Rebecca Hagelin

One of the most critical values my husband and I try to teach our three teenagers is the importance and joy of marriage.

After my desire for my children to be at peace and have a personal relationship with their Creator, my second greatest desire is that they would one day be happily married and raise children of their own.

Why? Because I know the joy of this great blessing, and because I’ve seen the pain and heartache of divorce, out-of-wedlock births, and single-parenting. Yet our modern culture refuses to spread the truth because it is politically incorrect.

But the truth is clear: God’s design is for children to be born of and raised by two married parents. Sadly, we know that many people cannot help the fact that they’re raising their children alone. But many others actually make the choice to raise children by themselves -- and the children are the ones who suffer.

Many people fear being so blunt. But gutsy author and researcher Kay Hymowitz knows the importance of speaking the truth. She boldly detailed at a speech before a large audience at The Heritage Foundation how research proves that children and mothers who are part of families that include fathers and husbands are far better off than those moms who try to make it on their own.

But what about the “Murphy Browns” out there? Aren’t there waves of high-powered career women happily having children out of wedlock, too?

You’ll find some, all right. But not nearly as many as the sad, struggling single mothers and children living in poverty. In her new book, “Marriage and Caste in America: Separate and Unequal Families in a Post-Marital Age,” Hymowitz explains:

“Starting in 1980, Americans began to experience a widening Marriage Gap that has reached dangerous proportions. As of 2000 only about 10 percent of mothers with sixteen or more years of education -- that is, with a college degree or higher -- were living without husbands. Compare that with 36 percent of mothers who have between nine and fourteen years of education. All the statistics about marriage so often rehashed in magazine and newspaper articles hide a startling truth. Yes, 33 percent are born to single mothers … but the vast majority of those children are going home from the maternity wards to low-rent apartments.”

How many single-mother families will you find living below the poverty line? According to Hymowitz, 36 percent -- more than one out of every three. How many married couples? Only 6 percent, or about one out of every 20. That’s a huge difference -- one that Americans need to hear about. But good luck finding any class-warfaring politician who will admit this crucial factor. It’s just too explosive. It’s not nice.

Why do we find such a gap? Conventional wisdom blames the lack of decent “marriage material” out there: Too many potential husbands for low-income women are flipping burgers, unemployed or in jail, the story goes. But, Hymowitz notes, three facts cast doubts on this theory. First, middle-class men with decent jobs are avoiding marriage, too. Second, cohabitation among low-income couples has been increasing; why aren’t the men who are good enough to cohabit with good enough to marry? Third, marriage makes even low-income women and children better off financially.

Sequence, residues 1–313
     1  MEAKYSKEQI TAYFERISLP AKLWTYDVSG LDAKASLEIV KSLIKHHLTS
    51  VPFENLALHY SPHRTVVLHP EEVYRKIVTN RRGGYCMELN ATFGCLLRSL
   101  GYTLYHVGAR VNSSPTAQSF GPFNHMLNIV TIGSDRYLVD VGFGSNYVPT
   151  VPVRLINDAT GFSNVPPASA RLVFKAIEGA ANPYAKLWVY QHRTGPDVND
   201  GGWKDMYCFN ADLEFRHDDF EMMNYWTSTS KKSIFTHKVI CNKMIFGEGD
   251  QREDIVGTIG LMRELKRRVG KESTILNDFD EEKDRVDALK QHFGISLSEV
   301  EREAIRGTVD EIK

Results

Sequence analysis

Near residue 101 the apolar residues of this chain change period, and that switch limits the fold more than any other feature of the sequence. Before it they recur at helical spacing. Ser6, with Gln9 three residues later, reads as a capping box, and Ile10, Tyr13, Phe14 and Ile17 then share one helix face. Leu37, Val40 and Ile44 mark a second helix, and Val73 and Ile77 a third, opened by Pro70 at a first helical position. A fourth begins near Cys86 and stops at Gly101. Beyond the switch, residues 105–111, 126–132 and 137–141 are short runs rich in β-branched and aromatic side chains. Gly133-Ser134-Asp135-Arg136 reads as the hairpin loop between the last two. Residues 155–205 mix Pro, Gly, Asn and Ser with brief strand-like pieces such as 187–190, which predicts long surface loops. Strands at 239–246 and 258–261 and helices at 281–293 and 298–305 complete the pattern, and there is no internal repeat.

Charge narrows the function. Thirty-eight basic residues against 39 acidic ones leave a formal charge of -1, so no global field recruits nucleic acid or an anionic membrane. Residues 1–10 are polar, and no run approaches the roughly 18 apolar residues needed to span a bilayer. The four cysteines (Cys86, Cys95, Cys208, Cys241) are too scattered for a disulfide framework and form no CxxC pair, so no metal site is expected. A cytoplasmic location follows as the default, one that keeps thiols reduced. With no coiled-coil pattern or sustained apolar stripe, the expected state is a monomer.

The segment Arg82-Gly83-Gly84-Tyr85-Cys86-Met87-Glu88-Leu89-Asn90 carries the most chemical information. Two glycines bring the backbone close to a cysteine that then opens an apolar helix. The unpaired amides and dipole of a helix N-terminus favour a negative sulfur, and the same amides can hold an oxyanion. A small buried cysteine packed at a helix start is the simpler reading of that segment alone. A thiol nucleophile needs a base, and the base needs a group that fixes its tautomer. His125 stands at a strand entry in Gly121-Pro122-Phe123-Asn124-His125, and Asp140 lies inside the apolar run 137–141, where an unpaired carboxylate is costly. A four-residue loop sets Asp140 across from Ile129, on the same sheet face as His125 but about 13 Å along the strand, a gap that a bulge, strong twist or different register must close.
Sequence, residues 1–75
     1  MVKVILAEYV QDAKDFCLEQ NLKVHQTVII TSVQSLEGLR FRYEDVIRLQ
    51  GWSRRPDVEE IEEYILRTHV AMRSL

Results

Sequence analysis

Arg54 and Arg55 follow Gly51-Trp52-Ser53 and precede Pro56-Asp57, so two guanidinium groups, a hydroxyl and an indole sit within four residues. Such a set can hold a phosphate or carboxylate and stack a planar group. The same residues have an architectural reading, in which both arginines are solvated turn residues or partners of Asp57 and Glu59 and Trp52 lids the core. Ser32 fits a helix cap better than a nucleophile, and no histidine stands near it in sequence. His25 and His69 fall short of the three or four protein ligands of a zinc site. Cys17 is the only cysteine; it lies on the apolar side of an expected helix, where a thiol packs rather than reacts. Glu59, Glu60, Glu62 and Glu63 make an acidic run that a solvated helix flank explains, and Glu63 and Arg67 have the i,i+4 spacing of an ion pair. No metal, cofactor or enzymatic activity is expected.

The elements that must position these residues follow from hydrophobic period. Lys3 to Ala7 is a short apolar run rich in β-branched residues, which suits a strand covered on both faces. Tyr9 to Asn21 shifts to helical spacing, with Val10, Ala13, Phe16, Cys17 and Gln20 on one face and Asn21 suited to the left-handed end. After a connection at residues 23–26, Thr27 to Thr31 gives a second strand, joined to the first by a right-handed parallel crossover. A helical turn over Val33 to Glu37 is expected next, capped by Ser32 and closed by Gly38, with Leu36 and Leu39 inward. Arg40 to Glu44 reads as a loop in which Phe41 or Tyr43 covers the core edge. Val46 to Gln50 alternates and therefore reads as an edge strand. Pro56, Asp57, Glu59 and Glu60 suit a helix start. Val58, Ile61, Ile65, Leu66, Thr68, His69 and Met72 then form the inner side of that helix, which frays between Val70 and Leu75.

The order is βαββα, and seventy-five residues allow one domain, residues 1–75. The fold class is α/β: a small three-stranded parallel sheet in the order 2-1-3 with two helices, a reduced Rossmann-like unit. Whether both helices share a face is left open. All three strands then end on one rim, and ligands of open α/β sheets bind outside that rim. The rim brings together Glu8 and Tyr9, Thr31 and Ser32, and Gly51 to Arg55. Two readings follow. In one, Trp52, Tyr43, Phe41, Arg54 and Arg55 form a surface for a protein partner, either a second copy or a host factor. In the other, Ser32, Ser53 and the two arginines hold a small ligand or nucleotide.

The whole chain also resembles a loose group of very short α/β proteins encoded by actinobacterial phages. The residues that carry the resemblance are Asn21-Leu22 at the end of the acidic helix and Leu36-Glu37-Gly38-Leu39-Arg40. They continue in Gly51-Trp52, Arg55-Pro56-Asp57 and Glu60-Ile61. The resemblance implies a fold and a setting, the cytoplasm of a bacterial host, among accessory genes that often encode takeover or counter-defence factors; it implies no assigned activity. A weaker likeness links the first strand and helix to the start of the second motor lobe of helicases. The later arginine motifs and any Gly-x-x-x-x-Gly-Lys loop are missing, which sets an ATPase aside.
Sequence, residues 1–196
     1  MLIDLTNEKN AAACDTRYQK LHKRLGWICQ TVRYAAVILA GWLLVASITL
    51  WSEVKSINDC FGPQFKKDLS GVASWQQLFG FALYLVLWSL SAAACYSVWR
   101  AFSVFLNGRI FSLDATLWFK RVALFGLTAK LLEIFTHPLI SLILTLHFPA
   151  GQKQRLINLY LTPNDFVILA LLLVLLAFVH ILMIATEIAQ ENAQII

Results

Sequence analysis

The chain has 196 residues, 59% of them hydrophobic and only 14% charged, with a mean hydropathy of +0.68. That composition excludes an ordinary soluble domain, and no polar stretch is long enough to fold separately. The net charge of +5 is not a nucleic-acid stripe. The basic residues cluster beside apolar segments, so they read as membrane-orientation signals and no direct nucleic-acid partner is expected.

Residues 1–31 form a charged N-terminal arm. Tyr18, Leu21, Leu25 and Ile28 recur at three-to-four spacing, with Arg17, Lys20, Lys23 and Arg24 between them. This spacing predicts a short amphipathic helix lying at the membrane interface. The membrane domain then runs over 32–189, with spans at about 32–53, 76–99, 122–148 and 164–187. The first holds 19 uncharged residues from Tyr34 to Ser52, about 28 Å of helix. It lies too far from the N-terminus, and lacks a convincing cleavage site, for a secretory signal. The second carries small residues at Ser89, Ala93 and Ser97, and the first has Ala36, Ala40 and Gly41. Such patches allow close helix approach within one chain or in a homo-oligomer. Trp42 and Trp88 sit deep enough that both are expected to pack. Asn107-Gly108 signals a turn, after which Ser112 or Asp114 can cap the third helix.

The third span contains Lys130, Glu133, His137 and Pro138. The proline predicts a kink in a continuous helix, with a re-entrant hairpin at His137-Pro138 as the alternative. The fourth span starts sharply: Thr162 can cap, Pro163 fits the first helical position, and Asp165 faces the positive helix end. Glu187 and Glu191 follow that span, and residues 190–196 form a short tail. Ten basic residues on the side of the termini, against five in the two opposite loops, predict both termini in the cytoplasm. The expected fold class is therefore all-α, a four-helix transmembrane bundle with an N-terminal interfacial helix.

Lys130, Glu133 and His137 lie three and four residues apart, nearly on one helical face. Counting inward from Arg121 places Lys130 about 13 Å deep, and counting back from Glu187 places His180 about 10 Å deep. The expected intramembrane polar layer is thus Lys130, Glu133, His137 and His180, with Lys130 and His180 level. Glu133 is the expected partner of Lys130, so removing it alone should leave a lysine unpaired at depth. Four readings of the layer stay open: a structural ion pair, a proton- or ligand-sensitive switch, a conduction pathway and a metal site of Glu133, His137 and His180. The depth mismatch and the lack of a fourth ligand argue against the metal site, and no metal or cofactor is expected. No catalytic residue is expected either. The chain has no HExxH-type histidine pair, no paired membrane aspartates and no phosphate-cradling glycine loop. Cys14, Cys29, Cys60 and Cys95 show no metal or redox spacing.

Perhaps we should ask why well-educated women opt for marriage in such overwhelming numbers. After all, they’re better able to shoulder the financial burden of raising a child on their own -- and yet they don’t. Because, Hymowitz says:

“Educated women know they’d better marry if they want their children to succeed academically, which increasingly is critical to succeeding in the labor market. The New Economy may have made single motherhood a workable arrangement for high-earning mothers in purely economic terms, but it made a husband a must-have in terms of child-rearing. No one understands better than an Amherst or Stanford B.A. that her children will have to go to college one day … if they are to keep their middle-class status.”

What do husbands offer? Added income, to be sure, and a helping hand with the kids. But it’s more than that; after all, a cohabiting partner could do as much. “As society’s bulwark institution, traditional marriage -- that is, childbearing within marriage -- orders social life in ways that we only dimly understand,” Hymowitz writes.<p>

Our founding fathers had a good grasp of it, though. “To the institution of marriage the true origin of society must be traced,” James Wilson, a member of the Continental Congress, wrote in 1790. Growing up with married parents reinforces the values that underlie Western civilization: virtue, self-sufficiency, industriousness. In short, self-government begins at home.<p>

That’s why marriage matters. Its decline among the poor perpetuates something our country was founded in part to abolish: a permanent underclass. A growing body of social-science research shows that children in unmarried households are far more inclined to suffer from a wide variety of problems, from increased drug and alcohol abuse, to crime and school failure. They’re also far more likely to not graduate from college and to have their own out-of-wedlock children -- and the cycle continues.<p>

That’s not to say the cycle is unbreakable. But we can’t hope to do so until we begin talking about the problem openly. So take your pick: Speak up and hurt some feelings. Or stay silent and hurt millions of children. What’s your choice?


Rebecca Hagelin

Rebecca Hagelin is a public speaker on the family and culture and the author of the new best seller, 30 Ways in 30 Days to Save Your Family.
 
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